It’s been three long years since we last saw James Bond saving the day in ‘Skyfall’, a splendid entry into the 53-year-old 007 film franchise. ‘Skyfall’ earned over $1 billion at the box office, and elevated expectations of the 24th Bond movie, ‘Spectre’, which hits U.S. theaters today.
While it may lack some of the emotion of ‘Skyfall’, ‘Spectre’ makes up for it with fun and humor, and it channels the Bond films of old in the process.
In ‘Spectre’, our hero trots the globe (locations this time around include Rome, Austria and Tangier), fighting the good fight against a shadowy criminal organization, as well as the changing intelligence community at home in London. Chases ensue, shootouts take place, and someone gets tortured.
And all of it is shot beautifully and artfully. Truly, ‘Spectre’ is a gorgeous film.
But what really makes ‘Spectre’ work as a whole is the mix of the “old” Bond film elements infused into Daniel Craig’s “new” portrayal of the character.
For many critics and some long-time fans of the series, Craig’s Bond was too cold, intense and serious. In other words, Bond had to compete with Bourne. Long gone were the days of Roger Moore’s eyebrow raising, or Pierce Brosnan’s over-the-top innuendo.
‘Spectre’ doesn’t go to those lengths (thankfully), but Craig proves in it that he can bring humor and fun to his 007 as well. He has spot-on comedic timing when it’s called for, and can deliver a quip just as well as any other Bond (save Sean Connery, perhaps).
Another pleasant and humorous factor is the expanded role of Q, played by Ben Whishaw. He steals nearly every scene he’s in, and his work relationship with 007 is a treat to see on screen.
Much has already been said of ‘Spectre’s’ pre-title sequence which begins with a single, continuous shot of Bond completing an assignment during Mexico City’s Day of the Dead celebration. It’s thrilling and kicks off the film in a way that only a Bond movie can.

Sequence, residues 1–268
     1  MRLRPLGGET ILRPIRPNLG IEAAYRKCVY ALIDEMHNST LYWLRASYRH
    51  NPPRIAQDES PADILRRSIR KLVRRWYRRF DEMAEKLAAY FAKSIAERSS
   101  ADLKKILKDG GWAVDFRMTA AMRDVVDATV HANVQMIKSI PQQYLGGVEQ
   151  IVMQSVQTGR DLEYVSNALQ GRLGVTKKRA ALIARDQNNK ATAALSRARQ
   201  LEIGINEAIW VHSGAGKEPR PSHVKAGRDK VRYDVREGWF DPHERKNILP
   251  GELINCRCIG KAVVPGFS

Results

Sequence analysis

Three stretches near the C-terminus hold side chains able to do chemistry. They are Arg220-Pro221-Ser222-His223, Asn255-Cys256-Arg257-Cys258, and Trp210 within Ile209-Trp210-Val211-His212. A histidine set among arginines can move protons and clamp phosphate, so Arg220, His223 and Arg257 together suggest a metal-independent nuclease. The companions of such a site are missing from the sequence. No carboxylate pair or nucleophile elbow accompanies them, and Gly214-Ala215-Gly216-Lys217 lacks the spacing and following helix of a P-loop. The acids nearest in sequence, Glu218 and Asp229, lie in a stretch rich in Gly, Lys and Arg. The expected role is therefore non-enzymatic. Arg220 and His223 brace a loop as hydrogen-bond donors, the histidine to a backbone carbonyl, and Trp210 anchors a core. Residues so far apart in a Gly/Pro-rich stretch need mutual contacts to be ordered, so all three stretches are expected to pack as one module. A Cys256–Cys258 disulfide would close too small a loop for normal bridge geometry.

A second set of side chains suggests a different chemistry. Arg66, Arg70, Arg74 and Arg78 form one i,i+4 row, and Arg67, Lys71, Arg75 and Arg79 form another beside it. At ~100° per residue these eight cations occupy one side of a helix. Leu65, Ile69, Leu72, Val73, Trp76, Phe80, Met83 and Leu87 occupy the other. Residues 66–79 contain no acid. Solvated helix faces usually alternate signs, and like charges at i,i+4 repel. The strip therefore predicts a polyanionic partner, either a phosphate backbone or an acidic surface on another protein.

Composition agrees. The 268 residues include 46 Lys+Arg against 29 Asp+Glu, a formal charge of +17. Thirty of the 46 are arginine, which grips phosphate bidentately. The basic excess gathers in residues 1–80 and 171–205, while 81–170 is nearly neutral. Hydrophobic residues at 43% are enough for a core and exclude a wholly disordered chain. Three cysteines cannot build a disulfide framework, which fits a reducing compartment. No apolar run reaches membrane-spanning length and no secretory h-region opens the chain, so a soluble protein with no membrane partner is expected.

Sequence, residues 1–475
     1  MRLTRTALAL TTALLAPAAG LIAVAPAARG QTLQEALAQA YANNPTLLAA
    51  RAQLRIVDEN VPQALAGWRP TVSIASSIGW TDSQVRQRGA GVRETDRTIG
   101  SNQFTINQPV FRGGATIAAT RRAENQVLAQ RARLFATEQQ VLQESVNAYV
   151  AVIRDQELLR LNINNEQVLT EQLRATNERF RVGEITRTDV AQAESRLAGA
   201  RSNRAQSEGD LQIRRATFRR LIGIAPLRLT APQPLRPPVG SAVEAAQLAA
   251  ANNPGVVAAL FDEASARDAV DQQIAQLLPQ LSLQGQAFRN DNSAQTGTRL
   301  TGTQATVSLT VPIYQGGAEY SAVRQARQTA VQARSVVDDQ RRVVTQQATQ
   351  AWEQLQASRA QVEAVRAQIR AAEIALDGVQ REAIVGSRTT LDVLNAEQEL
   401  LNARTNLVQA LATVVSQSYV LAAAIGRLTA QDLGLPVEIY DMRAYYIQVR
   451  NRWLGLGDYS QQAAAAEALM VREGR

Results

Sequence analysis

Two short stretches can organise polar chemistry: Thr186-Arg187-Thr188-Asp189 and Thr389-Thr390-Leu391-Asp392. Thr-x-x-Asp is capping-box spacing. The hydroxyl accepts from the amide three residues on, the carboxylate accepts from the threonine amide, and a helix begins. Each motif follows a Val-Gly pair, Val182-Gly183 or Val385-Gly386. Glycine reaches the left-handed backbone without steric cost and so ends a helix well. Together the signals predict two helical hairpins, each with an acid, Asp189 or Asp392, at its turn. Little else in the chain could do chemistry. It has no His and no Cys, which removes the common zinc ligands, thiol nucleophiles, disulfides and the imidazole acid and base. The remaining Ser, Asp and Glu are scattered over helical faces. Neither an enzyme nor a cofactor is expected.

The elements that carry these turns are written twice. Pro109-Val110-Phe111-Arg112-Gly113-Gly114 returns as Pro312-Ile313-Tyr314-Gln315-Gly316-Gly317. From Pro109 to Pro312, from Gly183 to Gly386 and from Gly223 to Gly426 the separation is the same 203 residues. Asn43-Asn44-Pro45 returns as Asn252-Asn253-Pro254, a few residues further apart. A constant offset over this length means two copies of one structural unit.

Of course, every Bond is forced to meet his match and fight against an ultimate arch enemy. Played by two-time Oscar winner Christoph Waltz, Franz Oberhauser is the baddie here. He definitely exudes the creeping menace that is requisite of Bond villains, but something is missing from his portrayal. Perhaps it’s because he has to follow the tough act that was Javier Bardem’s Silva in ‘Skyfall’.
As any good Bond villain does, Oberhauser enlists the help of a brooding, hulking henchman. Mr. Hinx, played by former pro wrestler Dave Bautista, perfectly fits the bill. His silent intimidation is quite the presence and calls back to the days of Jaws and Oddjob. Bond and Hinx go at it in two of the film’s best scenes: a car chase through Rome and a nasty fistfight aboard a train in North Africa.
Bond Girls are also a standard of the franchise, and ‘Spectre’ features two leading ladies. Monica Bellucci is the first to be charmed by 007, and is in the film far too briefly. Her turn as the widow of an assassin dispatched by Bond is strictly for moving the plot along and really lacked any depth.
The main female character in ‘Spectre’ is Lea Seydoux’s Dr. Madeleine Swann. She has a very intimate connection to the group Bond is investigating, and comes along for the ride. Seydoux and Craig have chemistry, but again, just like Waltz’s Oberhauser, they left me wanting just a little bit more. That said, Seydoux is great in the movie, and she handles the Bond Girl role with class and acting skill.
Without giving anything away, ‘Spectre’ tidily connects all four of Craig’s Bond films together, placing them in one universe. It’s almost like ‘Casino Royale’, ‘Quantum of Solace’, ‘Skyfall’ and ‘Spectre’ are one big Bond movie. ‘Sprectre’ offers a satisfying ending, but very much brings into question whether or not Craig will don the tux again.
If that’s the case and a new 007 will take over for Bond 25, Craig leaves the series on a high note. ‘Spectre’ is beautiful, fun and a very worthy addition to the Bond franchise.
Rating: 9 out of 10